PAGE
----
A lot had been made of Philadelphia's struggling offense heading into this series, but it has been its starting pitching that has let it down through the first two games of this interleague set.
After Jamie Moyer surrendered nine runs in a 12-2 loss on Friday, Joe Blanton gave up nine in a 10-2 setback on Saturday.
"Our offense has been struggling, like it's been said for a while," noted Phillies manager Charlie Manuel. "When you give a team eight and nine runs early, that's kinda hard to overcome."
Daniel Nava provided the offense for the Red Sox, as he went 2-for-4 and hit a grand slam in his first major-league at-bat, joining three other players in baseball history to clear the bases with a home run in their first big-league plate appearance. He also became just the second player ever to hit one on the first pitch.
J.D. Drew homered and drove in two runs and Marco Scutaro also drove in a pair for the Red Sox, who have won four of six overall. Manny Delcarmen (2-2) allowed one hit in two scoreless relief innings for the win.
Scott Atchison allowed two hits and two runs in three full frames. He started in place of Daisuke Matsuzaka, who was a late scratch after being placed on the 15-day disabled list with a right forearm strain.
"On a day when it starts out that you lose your starting pitcher, got a young kid who's never played a day in the major leagues, this is probably something that only happens in Boston," said Red Sox manager Terry Francona of the odd circumstances that framed the win.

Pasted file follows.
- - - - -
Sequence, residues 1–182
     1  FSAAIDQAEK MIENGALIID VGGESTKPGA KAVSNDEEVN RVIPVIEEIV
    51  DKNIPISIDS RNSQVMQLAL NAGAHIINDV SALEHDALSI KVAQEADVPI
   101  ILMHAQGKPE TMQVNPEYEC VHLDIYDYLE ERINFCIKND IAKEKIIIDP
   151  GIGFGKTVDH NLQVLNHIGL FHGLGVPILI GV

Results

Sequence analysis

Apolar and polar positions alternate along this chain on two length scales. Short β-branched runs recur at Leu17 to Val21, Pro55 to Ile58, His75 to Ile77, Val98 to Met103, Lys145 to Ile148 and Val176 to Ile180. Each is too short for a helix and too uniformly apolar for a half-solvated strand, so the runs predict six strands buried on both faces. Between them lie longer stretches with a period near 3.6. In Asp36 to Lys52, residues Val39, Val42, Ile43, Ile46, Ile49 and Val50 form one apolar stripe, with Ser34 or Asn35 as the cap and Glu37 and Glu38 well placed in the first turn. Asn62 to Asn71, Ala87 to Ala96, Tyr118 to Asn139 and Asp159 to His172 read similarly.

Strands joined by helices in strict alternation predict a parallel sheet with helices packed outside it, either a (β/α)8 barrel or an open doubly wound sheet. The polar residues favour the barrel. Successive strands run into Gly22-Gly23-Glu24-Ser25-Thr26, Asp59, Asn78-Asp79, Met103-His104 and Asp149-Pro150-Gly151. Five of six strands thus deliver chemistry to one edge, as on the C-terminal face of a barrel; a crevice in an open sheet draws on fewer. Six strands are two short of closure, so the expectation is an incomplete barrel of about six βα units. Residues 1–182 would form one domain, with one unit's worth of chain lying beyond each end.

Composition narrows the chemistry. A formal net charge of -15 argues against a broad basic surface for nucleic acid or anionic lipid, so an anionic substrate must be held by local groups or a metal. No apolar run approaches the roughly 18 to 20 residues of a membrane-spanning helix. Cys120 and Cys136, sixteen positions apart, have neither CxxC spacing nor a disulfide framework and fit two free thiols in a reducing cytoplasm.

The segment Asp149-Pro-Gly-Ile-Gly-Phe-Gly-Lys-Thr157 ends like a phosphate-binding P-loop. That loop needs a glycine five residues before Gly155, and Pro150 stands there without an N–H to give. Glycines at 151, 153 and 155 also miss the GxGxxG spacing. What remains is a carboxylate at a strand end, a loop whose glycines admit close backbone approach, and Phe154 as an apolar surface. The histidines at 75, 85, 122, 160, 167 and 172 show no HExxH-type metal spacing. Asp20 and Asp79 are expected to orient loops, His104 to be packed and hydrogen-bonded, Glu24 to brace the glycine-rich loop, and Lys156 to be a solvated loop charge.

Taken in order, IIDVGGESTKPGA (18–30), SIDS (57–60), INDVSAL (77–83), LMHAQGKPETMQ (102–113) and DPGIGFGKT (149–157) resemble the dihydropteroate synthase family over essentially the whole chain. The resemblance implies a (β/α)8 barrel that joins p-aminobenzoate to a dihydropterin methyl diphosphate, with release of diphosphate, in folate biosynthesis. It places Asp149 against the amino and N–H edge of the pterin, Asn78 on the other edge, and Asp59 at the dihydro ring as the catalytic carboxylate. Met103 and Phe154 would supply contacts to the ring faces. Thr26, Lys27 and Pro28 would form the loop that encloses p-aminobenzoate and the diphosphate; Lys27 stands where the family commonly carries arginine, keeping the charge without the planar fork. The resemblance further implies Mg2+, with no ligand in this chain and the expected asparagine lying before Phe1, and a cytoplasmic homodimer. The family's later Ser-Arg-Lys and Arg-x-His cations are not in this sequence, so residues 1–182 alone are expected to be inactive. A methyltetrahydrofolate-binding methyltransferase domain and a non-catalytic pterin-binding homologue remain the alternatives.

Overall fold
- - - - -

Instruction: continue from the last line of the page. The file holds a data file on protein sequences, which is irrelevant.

Brian Schneider went 3-for-4 with a two-run double for the Phillies, who skidded to their third straight defeat and fifth in six games.
Hamels will try to stop the bleeding this afternoon, as he himself attempts to snap a personal three-game losing streak. Hamels carried a no-hitter into the eighth inning of his last start but surrendered back-to-back solo home runs in the 3-1 loss.
He is 5-5 on the year with a 3.98 ERA, but is a perfect 2-0 in two starts against the Red Sox in his career. His last win came against them back on May 21 when he held them to a run and three hits in seven innings.
Boston, though, will counter with knuckleballer Tim Wakefield, who tossed eight scoreless innings to beat the Phils on May 23. He is 4-1 lifetime against them with a 2.68 ERA in 10 games (eight starts).
Wakefield snapped a two-start losing streak on Tuesday in Cleveland, as he allowed two runs (one earned) and four hits in 7 1/3 innings to run his record to 2-4 on the year to go along with a 5.48 ERA.
The Red Sox took two of three from the Phils earlier in the year and are 18-5 in the series since the start of the 2004 campaign with a 7-1 mark at Fenway Park in that span.